The reason why Chris Waller dominates racing was summed up at Randwick on Saturday by Richard Pegum who owns shares in the Epsom-Metropolitan double winners, He’s Your Man and Junoob.
“That is my best day in racing. I have won a Melbourne Cup but wasn’t there – that was unforgettable,” Pegum said.
“It is because of Chris this is so good. He is a great trainer and he and his team make racing fun.
“He is honest and earnest about everything he does and has great values. He enjoys his owners winning more than anyone I have met.
“He is doing things I haven’t seen in racing I have been around a while and he keeps rewriting the records.”
Waller was once again the star of the Sydney’s grand final day as he called it in front of 21,120 punters.
He had the winner in the Epsom and the Metropolitan to go with his quinella in the George Main Stakes two weeks ago. Add that to having the first four in the Doncaster and first six in the Chelmsford Stakes and he seems an unstoppable force.
“This is our grand final and to have day like that I’m very proud,” Waller said. “It’s now on to Melbourne with horses in form. I’m not looking to takeover down there but we will be very competitive.”
He started the day by winning the Roman Consul Stakes with Brazen Beau, which is on target for the Coolmore Stud Stakes then Moriarty turned around a poor last run to win the Craven Plate while Who Shot Thebarman won the Bart Cummings at Flemington.
But once the group 1 action started Waller was centre stage, He’s Your Man beat stablemate Royal Descent in the last stride in the Epsom, before Winx was gusty but outclassed as runner-up to First Seal in the Flight Stakes.
Then Junoob capped a wonderful day for the Waller stable in the Metropolitan by leading home his second group 1 quinella for the afternoon beating Opinion.
He had to survive a protest from Tye Angland alleging interference at 600m mark, and copped a fine of $200 for being frivolous. Junoob smashed Railings’ race record from 2005 by two seconds running 2.26.51 for the 2400m in the strong of staying effort and the Caulfield Cup beckons. A race Railings also won in 2005.
Waller doesn’t know how many runners he could have in two weeks over the 2400m at Caulfield.
“It is a race that owners dream about and it is a part of racing history, so you want to go there,” Waller said. “Those two are obvious stayers we will look at for the Caulfield Cup but we have to see where they fit on the order entry.”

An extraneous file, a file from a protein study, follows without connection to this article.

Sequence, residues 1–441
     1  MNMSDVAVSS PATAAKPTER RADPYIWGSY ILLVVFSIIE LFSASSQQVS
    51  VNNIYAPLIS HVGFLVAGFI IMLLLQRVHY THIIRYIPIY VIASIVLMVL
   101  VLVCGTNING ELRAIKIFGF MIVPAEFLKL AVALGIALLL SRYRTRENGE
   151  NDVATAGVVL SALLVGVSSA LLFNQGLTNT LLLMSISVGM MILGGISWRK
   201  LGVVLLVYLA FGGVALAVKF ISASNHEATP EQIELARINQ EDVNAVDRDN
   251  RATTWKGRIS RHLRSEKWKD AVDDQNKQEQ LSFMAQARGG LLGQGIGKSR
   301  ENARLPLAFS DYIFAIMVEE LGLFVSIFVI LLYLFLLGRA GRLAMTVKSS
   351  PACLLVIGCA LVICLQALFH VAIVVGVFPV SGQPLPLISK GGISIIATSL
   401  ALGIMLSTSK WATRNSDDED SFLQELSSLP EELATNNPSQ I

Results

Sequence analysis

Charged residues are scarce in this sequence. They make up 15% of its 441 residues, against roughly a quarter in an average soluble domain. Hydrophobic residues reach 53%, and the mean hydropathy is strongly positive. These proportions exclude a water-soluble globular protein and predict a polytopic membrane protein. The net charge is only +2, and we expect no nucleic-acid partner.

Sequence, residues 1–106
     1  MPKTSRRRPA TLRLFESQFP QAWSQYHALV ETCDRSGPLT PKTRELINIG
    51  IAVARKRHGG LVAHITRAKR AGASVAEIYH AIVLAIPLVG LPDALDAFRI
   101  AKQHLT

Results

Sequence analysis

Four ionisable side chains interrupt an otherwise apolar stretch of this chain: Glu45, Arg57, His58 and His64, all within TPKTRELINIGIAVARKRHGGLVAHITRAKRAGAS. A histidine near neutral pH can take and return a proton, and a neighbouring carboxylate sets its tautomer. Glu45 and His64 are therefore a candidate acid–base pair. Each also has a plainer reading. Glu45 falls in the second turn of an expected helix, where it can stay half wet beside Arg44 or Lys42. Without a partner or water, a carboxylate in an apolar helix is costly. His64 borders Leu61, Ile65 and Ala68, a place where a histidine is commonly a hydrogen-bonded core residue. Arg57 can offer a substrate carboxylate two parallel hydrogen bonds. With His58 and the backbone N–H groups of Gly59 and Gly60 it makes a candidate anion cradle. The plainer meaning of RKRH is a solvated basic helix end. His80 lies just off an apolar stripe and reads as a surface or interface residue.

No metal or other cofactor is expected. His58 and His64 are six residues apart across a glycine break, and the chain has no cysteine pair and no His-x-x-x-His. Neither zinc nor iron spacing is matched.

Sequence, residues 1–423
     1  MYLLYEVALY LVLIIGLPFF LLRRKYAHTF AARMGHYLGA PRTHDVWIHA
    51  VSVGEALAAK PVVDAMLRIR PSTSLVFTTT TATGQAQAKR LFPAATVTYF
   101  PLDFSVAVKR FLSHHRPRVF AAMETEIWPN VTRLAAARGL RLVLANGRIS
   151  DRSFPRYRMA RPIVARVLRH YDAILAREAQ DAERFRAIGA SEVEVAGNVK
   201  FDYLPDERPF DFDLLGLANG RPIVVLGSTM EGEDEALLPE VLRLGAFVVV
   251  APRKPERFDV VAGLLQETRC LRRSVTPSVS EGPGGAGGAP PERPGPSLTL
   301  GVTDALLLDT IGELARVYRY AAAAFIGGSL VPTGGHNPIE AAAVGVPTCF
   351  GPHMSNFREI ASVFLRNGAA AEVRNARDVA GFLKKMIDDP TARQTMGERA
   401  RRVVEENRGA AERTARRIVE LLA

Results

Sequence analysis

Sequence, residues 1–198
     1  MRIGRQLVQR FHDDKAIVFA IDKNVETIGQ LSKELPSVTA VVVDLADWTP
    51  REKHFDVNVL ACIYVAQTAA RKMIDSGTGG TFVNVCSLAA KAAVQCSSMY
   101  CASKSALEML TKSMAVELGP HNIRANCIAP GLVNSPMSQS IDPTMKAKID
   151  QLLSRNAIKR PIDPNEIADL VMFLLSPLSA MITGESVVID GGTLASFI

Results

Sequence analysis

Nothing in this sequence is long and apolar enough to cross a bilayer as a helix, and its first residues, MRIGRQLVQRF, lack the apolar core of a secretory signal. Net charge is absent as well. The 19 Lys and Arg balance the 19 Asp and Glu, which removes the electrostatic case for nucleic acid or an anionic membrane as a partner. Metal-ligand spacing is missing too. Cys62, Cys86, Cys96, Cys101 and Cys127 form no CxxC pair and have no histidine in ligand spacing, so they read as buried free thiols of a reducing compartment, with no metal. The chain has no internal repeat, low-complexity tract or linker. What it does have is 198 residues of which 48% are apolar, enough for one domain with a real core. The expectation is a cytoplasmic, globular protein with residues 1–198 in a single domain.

Junoob has 52kg in the Caulfield Cup and is open to penalty for his devastating Metropolitan win but remains a $21 chance according to Ladbrokes in a market that is headed by Turnbull Stakes winner Lucia Valentina at $5.
“A day like this almost creates more pressure because you are expected to constantly perform at this level,” Waller said. “You have to remember that this is special and to enjoy it.”
Waller doesn’t remember the hard times when he couldn’t take horses to Melbourne because he couldn’t find boxes.
“At least that is not a problem I have anymore with the stable down,” he said. “I had to leave some in Sydney in the past because I had no boxes.
“They will all go down and be under the same system and we hope they don’t change on the track and we can keep winning our share of races.”
There was a bittersweet moment for the premier trainer when the Epsom photo went in the favour of He’s Your Man over Royal Descent, which has now run second in an Epsom, a Doncaster and two George Main Stakes in the 12 months.
“It is a great result, but I feel for Royal Descent’s connections and for her but we won’t tell her it didn’t win,” Waller said.
“She’s a winner in my eyes and she’s going to get her chance in the Cox Plate. She had a big weight today and it’s a hard thing for a mare to carry and she almost got there.
“Sunline ran fourth in this race and went on to win the Cox Plate.
“The winner could go to a race like the Mackinnon, we know now he is a very good miler and I think he is still doing well in the handicaps and there is a race called the Doncaster next year.”
That says a lot about Waller, he is always thinking about the next target.